Hank Paulson, the former U.S. Secretary of the Treasury, has said that every leader that he’s worked with has had significant blind spots – and he’s worked with a lot of important leaders in the financial world. These leaders know they have strengths and weaknesses. What they do is surround themselves with people who complement their strengths and make up for their weaknesses.
Embracing Deliberate DiversityTM means learning to communicate in a diverse environment. This can be a challenge for employees, because communication in Deliberate DiversityTM often differs from what they’re used to. The key is to be clear about what Deliberate DiversityTM is and how it works.
It’s easy to take the “affirmative action approach” to representation. That’s when a company says “We’ve got 100 thousand employees, but only 2 percent of them are women. We have to go and artificially raise that number to 17 percent.” But this approach to representation is only surface-level. It doesn’t take into account the real value of representation: diversity of perspective.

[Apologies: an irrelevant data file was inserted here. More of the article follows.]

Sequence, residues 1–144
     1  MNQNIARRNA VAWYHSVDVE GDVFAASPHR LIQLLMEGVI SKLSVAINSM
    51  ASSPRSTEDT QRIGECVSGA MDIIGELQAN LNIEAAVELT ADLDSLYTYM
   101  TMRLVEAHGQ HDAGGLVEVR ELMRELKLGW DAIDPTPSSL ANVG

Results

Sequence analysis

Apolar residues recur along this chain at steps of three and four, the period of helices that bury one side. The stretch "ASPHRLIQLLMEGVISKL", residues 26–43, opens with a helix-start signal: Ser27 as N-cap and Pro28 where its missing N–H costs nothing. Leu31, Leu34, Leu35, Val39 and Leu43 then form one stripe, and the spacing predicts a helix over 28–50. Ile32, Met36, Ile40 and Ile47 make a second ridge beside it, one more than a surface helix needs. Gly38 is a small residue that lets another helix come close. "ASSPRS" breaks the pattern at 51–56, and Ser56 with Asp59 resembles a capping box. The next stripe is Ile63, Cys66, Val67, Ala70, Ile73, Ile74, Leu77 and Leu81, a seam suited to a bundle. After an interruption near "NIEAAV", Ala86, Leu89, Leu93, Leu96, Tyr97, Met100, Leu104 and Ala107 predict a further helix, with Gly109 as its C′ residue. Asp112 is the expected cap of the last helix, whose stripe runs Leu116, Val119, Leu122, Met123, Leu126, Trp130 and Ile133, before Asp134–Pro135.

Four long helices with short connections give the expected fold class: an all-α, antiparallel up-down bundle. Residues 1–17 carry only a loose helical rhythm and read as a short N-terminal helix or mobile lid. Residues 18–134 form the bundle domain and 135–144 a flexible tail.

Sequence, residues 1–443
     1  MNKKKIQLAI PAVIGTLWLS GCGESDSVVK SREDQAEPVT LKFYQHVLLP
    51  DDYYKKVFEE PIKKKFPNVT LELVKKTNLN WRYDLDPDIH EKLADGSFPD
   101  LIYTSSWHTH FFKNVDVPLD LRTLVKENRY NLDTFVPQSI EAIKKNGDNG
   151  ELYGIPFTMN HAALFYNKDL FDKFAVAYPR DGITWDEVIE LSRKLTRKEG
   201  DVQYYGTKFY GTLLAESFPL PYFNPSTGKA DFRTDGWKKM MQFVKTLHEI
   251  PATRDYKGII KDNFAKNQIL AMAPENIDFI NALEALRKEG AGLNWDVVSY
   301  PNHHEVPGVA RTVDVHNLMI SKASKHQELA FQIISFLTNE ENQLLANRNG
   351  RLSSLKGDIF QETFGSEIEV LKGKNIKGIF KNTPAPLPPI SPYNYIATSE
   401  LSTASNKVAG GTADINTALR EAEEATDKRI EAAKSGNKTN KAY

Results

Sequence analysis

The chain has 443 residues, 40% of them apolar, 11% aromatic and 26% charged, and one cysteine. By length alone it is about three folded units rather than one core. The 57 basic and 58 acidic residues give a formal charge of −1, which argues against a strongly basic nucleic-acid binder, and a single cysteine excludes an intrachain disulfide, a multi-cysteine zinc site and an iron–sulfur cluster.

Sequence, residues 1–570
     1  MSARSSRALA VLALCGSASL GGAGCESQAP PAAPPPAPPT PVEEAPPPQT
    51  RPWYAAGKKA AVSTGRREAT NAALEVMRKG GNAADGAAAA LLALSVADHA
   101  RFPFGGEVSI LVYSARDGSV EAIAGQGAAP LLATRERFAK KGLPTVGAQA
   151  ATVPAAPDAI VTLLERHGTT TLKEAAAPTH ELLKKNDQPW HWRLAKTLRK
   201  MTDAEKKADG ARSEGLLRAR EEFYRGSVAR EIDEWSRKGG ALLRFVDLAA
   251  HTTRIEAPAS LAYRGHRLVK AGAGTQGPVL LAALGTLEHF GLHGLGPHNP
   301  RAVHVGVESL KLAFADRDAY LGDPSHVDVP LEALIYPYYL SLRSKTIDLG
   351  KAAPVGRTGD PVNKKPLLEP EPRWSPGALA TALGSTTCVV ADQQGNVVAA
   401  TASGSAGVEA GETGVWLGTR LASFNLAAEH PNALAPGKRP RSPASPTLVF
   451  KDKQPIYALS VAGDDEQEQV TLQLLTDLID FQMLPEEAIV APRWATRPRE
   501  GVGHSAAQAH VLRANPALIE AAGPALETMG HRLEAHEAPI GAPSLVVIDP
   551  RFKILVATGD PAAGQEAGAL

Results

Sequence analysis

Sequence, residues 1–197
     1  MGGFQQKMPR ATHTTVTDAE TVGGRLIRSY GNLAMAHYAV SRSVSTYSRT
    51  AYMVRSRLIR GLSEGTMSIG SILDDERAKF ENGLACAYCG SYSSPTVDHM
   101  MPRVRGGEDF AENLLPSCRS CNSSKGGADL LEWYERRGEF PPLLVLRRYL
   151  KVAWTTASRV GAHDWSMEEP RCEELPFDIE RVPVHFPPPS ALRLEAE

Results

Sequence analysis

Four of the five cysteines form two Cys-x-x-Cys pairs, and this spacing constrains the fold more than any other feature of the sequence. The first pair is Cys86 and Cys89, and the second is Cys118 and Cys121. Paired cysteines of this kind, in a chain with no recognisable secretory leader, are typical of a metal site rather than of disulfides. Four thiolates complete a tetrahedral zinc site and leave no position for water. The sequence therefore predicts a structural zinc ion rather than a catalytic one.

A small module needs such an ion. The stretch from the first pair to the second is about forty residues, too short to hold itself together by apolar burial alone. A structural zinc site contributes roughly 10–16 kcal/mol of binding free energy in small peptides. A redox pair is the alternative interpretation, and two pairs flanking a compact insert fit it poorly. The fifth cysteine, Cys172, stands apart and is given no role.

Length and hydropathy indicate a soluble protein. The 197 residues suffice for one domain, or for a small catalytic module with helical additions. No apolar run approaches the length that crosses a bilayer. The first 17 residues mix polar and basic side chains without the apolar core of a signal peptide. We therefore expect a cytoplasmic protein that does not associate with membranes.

When A.G. Lafley became CEO of Procter & Gamble in 2000, the company had a commercial success rate of 15 to 20 percent. Less than a decade later, P&G’s success rate was up to 50 to 60 percent. The company has only gotten stronger since then.
There’s no mystery to P&G’s rapid growth and continuing success – it all comes down to the diversity management. Lafley’s first decision was to focus on radical innovation. He found that P&G was playing it safe. The company was sticking to what it knew.
Look at the lineup at the Federal Reserve Bank in 2008: Ben Bernanke, Donald Kohn, Randall Kroszner, and a few others. What do these people all have in common? They’re all bankers and economists. They all see the world in essentially the same way.
When financiers created dangerous housing bubbles in the years leading up to the 2008 crisis, the Fed failed to act. That’s because the members of the Fed were thinking just like the financiers were.